Cortland Streamlines U.S. Army Helicopter Recovery Kits
Cortland was approached by Kaman Aerospace who had been presented with a new U.S. military project; to design and build a Unit Maintenance Aerial Recovery Kit (UMARK) to replace the U.S Army’s aging Aerial Recovery Kit (ARK).
The UMARK equipment, like its predecessor ARK, is used to provide aerial recovery capability for Army helicopters. However the kit needed to be smaller and lighter to free-up lift capacity for other cargo. It also needed to be simple enough for it to be deployed by minimal personnel.
Cortland’s reputation for designing and building project-specific high strength fiber solutions ensured the company was Kaman Aerospace’s first port of call for the job.
Cortland had previously designed and built a tethered hover for the Naval Air Test Center (NATC), a vital piece of equipment used for studying downwash from a helicopter; therefore understood Kaman’s needs and challenges when it came to the need for lightweight, high specific strength rope; yet flexible enough to be stored in a small space.
Cortland delivered a new kit with 27 parts in total including 3 pendants. Testing and tension cycling proved strength levels that surprised both Kaman and those commissioning the project from the army.
As with the tethered hover, the main test facing the team delivering the UMARK was lift capacity, flexibility, yet meeting the desired small diameter of the load pins for reduced weight reduction.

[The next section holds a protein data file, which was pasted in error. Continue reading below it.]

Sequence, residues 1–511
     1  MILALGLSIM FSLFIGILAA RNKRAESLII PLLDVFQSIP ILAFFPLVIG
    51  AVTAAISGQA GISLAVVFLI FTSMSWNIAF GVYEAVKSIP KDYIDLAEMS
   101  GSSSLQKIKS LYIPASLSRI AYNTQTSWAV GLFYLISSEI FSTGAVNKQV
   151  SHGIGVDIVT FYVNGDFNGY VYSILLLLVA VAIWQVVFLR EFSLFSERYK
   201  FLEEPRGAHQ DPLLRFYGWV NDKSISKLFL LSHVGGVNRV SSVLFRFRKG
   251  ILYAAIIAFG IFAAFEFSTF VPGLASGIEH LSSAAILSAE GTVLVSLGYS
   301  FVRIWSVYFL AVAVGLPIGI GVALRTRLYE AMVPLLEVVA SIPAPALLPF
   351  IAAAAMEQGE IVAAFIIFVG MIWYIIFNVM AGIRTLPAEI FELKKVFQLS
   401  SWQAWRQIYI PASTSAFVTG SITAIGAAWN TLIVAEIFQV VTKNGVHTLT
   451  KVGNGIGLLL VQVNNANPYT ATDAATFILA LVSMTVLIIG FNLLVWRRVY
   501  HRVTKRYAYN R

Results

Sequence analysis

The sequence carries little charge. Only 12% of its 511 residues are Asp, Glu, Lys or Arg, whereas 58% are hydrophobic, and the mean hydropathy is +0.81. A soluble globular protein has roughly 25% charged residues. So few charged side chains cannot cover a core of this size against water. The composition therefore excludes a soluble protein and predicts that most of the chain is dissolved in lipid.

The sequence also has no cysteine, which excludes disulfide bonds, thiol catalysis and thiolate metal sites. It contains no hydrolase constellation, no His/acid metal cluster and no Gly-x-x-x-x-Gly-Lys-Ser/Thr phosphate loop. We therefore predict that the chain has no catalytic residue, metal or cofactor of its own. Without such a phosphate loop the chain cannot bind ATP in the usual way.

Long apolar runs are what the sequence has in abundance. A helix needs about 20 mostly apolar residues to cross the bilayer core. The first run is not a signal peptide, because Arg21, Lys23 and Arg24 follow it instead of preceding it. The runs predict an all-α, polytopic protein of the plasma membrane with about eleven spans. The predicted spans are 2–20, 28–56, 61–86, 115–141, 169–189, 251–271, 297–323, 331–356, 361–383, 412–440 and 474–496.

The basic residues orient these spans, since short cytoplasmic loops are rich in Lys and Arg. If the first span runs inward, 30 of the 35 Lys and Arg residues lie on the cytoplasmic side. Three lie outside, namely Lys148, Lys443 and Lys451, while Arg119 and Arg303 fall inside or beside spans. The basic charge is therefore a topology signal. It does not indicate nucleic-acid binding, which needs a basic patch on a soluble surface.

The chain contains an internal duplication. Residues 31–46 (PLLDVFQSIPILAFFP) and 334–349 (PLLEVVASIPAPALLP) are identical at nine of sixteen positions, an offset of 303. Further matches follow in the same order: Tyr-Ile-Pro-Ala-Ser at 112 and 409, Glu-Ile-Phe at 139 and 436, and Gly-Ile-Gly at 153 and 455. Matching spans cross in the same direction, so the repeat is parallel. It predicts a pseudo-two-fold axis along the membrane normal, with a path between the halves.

The Army’s existing recovery kit was made from polyester and weighed several hundred pounds. Cortland’s new solution brought the kit weight down to less than 100lbs.
After submitting its proposal, Cortland was tasked with a small development project, from which an early prototype kit was created. The kit consisted of an assortment of lightweight lifting members, slings, lines, metal fitting and elastomeric components, which allow rigging and recovery of a wide array of U.S Army helicopters.
Doug Bentley, Sales Engineer for Cortland, said: “The biggest challenge that faced us was creating the hand-braided slings which were tricky as we had to develop them through a handicraft process. All slings, lightweight and heavy weight are constructed in the same way and have a lifespan of five years.”
Cortland’s success with the prototype led to the development and commission of 270 kits in total to serve the Army’s fleet of helicopters and to be used in training.
For more information about Kaman Helicopters, contact John Navan, BCE & Subcontracts BD Manager. Email: John.Navan@kaman.com, Phone: 860 243 7353, Web: kaman.com